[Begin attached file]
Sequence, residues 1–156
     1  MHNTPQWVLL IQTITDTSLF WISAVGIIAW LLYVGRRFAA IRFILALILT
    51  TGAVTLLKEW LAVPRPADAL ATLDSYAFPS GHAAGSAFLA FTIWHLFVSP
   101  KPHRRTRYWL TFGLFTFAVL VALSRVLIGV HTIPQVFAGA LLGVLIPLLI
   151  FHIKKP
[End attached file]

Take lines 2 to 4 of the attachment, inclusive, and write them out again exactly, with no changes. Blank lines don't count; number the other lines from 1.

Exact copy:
     1  MHNTPQWVLL IQTITDTSLF WISAVGIIAW LLYVGRRFAA IRFILALILT
    51  TGAVTLLKEW LAVPRPADAL ATLDSYAFPS GHAAGSAFLA FTIWHLFVSP
   101  KPHRRTRYWL TFGLFTFAVL VALSRVLIGV HTIPQVFAGA LLGVLIPLLI